Raising Minimum Wage Will Hurt Workers

Date: June 04, 2014

June 3, 2014, Harrisburg, Pa – As many gather at the capitol today rallying for a higher minimum wage, most don’t understand the damage such legislation will do to both workers and small businesses. A coalition of small businesses groups and supporters of a prosperous Pennsylvania economy caution against a move that could end in the loss of thousands of jobs. The coalition includes: NFIB, PMA, PA Food Merchants Association, PA Chamber, PA Restaurant and Lodging Association, PA Retailers Association and the Commonwealth Foundation.

A recent National Federation of Independent Business Research Foundation report projects the effect that three Pennsylvania minimum wage bills will have on jobs and economic activity in the commonwealth. The findings forecast the loss of as many as 28,000 to 119,000 jobs over a 10-year period when the wage is increased to $8.75 or $9.00, as those increases are tied to cost-of-living adjustments. The report uses a widely accepted regional economic model that is also used by the federal government, local governments and universities created by REMI, Inc. (see www.remi.com). Earlier this year a Congressional Budget Office report on raising the national minimum wage to $10.10 projected 500,000 jobs lost in the U.S.

Many small business owners operate on such a thin profit margin that an increase will cause them to hire less and use technology to replace some current labor costs. The study reveals that more than half of the jobs would disappear from the small-business sector in Pennsylvania. This likely would happen because at the higher minimum wage rate small firms ultimately will hire a more skilled employee rather than pay higher wages to someone with no skills and no experience.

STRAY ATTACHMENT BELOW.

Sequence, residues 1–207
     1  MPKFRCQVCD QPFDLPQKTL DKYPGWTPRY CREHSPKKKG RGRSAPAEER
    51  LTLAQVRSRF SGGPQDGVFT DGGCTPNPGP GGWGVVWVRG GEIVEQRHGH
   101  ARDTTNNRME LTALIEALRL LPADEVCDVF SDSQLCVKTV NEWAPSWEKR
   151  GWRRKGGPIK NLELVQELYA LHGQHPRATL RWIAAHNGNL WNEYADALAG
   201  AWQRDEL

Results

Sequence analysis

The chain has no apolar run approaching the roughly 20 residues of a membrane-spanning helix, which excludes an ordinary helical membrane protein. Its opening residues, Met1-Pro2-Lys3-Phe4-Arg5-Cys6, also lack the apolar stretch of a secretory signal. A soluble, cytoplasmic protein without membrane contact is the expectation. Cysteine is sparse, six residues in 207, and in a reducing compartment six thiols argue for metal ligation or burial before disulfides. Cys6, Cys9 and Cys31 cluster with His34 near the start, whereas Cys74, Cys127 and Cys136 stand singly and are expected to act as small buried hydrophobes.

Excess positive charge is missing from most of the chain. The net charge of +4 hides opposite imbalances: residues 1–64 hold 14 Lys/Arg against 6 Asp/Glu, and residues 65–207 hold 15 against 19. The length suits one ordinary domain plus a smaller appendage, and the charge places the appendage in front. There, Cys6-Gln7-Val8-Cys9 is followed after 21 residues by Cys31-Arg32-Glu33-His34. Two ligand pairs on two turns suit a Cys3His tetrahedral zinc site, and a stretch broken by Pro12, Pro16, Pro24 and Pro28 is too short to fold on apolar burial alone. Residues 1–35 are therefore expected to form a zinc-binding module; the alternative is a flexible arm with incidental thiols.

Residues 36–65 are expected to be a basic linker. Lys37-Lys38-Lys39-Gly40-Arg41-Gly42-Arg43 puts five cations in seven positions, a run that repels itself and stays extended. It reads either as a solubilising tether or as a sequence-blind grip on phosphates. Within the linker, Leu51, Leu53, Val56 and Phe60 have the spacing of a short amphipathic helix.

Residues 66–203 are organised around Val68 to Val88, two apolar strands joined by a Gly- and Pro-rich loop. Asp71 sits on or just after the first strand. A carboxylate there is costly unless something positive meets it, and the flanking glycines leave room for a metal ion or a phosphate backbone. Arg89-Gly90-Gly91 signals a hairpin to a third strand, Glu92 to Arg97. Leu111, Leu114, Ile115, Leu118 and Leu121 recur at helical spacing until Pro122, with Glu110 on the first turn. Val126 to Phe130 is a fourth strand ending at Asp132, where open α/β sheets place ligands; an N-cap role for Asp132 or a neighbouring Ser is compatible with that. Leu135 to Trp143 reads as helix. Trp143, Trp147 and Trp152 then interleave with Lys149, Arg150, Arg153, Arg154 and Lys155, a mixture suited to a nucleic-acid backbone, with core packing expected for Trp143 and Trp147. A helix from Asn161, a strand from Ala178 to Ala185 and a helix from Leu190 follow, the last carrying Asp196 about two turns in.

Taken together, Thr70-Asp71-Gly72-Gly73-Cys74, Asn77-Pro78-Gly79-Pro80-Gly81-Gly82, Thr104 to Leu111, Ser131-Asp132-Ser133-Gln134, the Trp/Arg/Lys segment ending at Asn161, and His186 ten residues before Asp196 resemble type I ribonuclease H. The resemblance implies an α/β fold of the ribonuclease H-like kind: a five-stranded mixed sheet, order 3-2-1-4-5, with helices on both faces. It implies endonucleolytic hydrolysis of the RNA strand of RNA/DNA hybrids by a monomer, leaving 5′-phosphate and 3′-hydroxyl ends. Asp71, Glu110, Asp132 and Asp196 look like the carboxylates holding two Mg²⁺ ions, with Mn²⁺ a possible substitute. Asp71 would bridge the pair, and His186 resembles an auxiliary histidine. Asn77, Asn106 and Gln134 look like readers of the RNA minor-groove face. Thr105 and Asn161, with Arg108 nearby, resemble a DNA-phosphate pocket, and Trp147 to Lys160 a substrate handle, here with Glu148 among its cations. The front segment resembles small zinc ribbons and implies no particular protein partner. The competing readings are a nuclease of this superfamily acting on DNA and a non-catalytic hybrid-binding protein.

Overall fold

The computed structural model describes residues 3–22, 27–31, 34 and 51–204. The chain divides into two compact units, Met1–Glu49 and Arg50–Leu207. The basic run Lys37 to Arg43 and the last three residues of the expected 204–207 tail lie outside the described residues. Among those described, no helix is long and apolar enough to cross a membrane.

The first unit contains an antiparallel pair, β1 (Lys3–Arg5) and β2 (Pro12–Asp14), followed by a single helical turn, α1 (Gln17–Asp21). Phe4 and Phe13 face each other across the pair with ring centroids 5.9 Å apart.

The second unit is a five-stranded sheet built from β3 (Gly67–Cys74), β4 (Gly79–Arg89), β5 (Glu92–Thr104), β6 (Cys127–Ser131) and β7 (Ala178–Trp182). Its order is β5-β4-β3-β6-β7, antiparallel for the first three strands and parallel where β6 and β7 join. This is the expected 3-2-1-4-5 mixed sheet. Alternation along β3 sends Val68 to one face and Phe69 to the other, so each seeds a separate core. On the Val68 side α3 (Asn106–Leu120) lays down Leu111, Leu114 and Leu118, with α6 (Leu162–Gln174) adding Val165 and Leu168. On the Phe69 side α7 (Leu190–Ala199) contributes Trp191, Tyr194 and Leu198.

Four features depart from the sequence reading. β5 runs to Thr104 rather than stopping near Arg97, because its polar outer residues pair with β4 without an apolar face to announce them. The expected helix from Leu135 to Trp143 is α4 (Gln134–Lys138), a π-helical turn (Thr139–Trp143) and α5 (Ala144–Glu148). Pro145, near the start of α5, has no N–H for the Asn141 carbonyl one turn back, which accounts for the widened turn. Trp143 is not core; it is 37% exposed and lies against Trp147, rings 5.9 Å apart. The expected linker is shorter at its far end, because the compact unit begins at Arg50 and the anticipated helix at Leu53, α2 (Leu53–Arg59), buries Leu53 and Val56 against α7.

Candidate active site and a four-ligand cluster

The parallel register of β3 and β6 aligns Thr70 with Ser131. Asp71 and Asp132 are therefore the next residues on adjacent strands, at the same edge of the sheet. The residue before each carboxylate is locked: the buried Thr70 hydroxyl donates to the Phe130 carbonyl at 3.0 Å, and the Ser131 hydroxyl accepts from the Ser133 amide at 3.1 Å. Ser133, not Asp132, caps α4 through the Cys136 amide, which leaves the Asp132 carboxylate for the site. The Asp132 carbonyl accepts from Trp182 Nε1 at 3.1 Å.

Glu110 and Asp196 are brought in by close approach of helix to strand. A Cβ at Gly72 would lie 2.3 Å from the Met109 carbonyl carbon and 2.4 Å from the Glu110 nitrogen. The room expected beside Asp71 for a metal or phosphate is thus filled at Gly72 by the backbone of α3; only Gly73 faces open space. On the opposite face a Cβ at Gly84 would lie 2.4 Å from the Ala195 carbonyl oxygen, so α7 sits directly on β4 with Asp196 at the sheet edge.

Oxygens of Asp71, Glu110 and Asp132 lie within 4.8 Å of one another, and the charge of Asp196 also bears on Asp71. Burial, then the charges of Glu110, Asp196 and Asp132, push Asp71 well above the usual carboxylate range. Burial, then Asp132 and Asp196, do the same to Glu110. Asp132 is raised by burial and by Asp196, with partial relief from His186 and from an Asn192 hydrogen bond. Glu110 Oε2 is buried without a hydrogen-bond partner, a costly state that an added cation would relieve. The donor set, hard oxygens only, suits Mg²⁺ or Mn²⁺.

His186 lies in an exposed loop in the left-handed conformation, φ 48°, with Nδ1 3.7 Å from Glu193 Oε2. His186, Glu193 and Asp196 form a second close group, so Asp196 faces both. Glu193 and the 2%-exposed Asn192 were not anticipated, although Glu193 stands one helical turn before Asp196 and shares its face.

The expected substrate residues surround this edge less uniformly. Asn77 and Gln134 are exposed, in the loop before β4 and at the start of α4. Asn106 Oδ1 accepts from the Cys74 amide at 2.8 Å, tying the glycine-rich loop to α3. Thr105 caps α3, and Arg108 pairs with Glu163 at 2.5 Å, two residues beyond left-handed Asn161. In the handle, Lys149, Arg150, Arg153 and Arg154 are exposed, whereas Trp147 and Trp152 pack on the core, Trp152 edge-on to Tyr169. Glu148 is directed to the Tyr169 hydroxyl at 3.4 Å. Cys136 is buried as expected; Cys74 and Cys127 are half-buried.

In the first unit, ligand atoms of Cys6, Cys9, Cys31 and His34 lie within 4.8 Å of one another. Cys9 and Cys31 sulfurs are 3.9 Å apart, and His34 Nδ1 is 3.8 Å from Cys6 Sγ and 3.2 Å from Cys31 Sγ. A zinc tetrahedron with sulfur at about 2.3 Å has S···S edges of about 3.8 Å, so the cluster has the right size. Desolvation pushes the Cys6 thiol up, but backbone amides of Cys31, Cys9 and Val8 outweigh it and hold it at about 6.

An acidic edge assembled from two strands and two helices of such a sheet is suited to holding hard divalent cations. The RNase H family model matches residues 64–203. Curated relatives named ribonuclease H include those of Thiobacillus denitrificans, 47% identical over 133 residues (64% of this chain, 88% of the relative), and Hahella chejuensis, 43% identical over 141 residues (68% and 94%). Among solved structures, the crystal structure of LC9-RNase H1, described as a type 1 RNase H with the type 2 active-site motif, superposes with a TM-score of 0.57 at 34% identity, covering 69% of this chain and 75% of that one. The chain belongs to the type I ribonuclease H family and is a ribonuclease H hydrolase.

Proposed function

Employers also are likely to absorb the higher cost of labor by cutting hours and reducing hiring. Companies may invest in technology to replace low level jobs. It will become even harder for the unemployed or teenagers to find an entry level job. Business owners may also be forced to raise prices which will negatively affect all consumers, especially the poor.

The minimum wage of $7.25 in many industries is considered a starting wage, primarily for youth and training purposes. A 2012 report from the Bureau of Labor Statistics shows people under age 25 fill just over half of the minimum wage jobs and their average household income is about $66,000 a year. Of those over 25, 75% have household incomes above the poverty level. Only 16% of minimum wage workers are sole income earners with dependents.

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